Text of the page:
An air of inevitability hangs about Fred Zinneman’s “The Day of the Jackal,” based on Frederick Forsyth’s book about an attempted assassination of Charles de Gaulle. (There was an attempt, but Forsyth’s book is almost entirely fiction.) The 1973 film adaptation is the espionage equivalent of a police procedural, and the would-be assassin’s preparations, juxtaposed
Category: British Films
This is my entry in the delicious Food in Film Blogathon, hosted by Silver Screenings and Speakeasy. Check out the many treats from Day 1, Day 2, and Day 3! Let’s just start by acknowledging that Peter Greenaway‘s “The Cook, the Thief, His Wife, and Her Lover” is not for everyone. And that’s okay.
As a representation of colonial Sierra Leone, where the whole story takes place, it isn't especially illuminating...except of course for the marked absence of black characters or local events impinging on the plot in any way. If you're not much interested in colonialism, it's a wonderful film.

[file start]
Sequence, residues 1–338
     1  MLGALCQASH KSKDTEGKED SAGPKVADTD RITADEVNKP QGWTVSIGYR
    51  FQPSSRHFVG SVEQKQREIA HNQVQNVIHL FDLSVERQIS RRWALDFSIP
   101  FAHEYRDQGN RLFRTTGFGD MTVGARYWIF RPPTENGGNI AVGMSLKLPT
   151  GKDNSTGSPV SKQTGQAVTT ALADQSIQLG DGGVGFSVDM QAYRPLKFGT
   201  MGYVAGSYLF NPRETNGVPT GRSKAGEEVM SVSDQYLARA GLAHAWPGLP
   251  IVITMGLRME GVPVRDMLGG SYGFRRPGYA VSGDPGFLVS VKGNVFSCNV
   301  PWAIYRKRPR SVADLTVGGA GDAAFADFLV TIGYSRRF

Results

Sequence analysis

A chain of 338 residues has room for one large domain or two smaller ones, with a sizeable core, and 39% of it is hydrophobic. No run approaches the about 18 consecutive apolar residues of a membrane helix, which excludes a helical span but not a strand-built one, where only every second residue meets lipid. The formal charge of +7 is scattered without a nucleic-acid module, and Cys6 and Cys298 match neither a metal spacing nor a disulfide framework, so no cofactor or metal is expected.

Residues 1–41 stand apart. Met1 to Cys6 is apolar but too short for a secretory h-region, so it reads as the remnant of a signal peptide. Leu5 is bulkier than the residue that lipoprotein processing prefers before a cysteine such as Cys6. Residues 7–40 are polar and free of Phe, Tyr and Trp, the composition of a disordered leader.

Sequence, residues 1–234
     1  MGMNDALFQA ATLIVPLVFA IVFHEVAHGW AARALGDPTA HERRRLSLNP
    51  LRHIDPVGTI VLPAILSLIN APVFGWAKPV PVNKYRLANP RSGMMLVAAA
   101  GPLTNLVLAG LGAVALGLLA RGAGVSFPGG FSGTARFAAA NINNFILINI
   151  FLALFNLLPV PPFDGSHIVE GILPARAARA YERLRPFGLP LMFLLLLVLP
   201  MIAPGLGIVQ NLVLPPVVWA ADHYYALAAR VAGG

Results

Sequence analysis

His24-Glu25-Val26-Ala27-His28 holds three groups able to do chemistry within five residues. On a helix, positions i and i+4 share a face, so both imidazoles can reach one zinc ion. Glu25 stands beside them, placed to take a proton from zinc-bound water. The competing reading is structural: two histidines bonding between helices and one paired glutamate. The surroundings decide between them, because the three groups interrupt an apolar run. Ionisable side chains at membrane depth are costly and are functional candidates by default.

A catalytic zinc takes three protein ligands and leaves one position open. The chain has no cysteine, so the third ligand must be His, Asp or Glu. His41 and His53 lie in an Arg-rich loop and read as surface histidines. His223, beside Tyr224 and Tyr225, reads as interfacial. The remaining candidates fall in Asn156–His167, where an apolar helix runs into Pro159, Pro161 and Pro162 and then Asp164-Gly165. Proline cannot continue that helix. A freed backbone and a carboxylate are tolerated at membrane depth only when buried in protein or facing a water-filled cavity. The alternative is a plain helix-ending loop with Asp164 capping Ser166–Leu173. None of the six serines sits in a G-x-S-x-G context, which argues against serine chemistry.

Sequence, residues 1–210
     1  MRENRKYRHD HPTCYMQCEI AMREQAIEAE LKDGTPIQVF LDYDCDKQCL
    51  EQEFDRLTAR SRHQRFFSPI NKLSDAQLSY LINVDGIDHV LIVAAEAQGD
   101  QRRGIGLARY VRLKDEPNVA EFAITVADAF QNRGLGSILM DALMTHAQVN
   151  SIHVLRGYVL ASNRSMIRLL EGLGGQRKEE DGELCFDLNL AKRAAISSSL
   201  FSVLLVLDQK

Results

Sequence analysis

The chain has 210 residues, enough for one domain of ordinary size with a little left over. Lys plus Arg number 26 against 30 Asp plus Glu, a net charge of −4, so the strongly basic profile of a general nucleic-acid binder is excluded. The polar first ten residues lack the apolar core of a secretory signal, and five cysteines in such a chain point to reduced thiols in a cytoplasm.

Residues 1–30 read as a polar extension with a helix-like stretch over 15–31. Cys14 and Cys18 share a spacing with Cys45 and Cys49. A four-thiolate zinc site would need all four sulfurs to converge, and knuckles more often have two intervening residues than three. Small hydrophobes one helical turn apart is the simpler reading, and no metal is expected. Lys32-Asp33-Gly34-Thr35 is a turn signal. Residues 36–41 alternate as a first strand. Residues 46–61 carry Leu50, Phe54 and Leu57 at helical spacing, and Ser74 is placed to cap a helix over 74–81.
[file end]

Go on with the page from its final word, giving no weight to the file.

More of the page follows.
One of the great—and somewhat overlooked—films about World War I was originally made for television in Britain, filmed entirely on a claustrophobic set with a small budget and a tight schedule (just under a month). Directed in 1964 by Joseph Losey, an American ex-pat across the pond, "King and Country" is based on a fictionalized memoir.
The main character, the Peeping Tom of the title, is Mark Lewis (Karlheinz Böhm), a focus-puller (assistant cameraman) at a British film studio. But this is merely cover for Mark’s real calling—documentarian. The artistic child of a scientist, he documents the murders of women he commits using a dagger hidden in his camera’s tripod.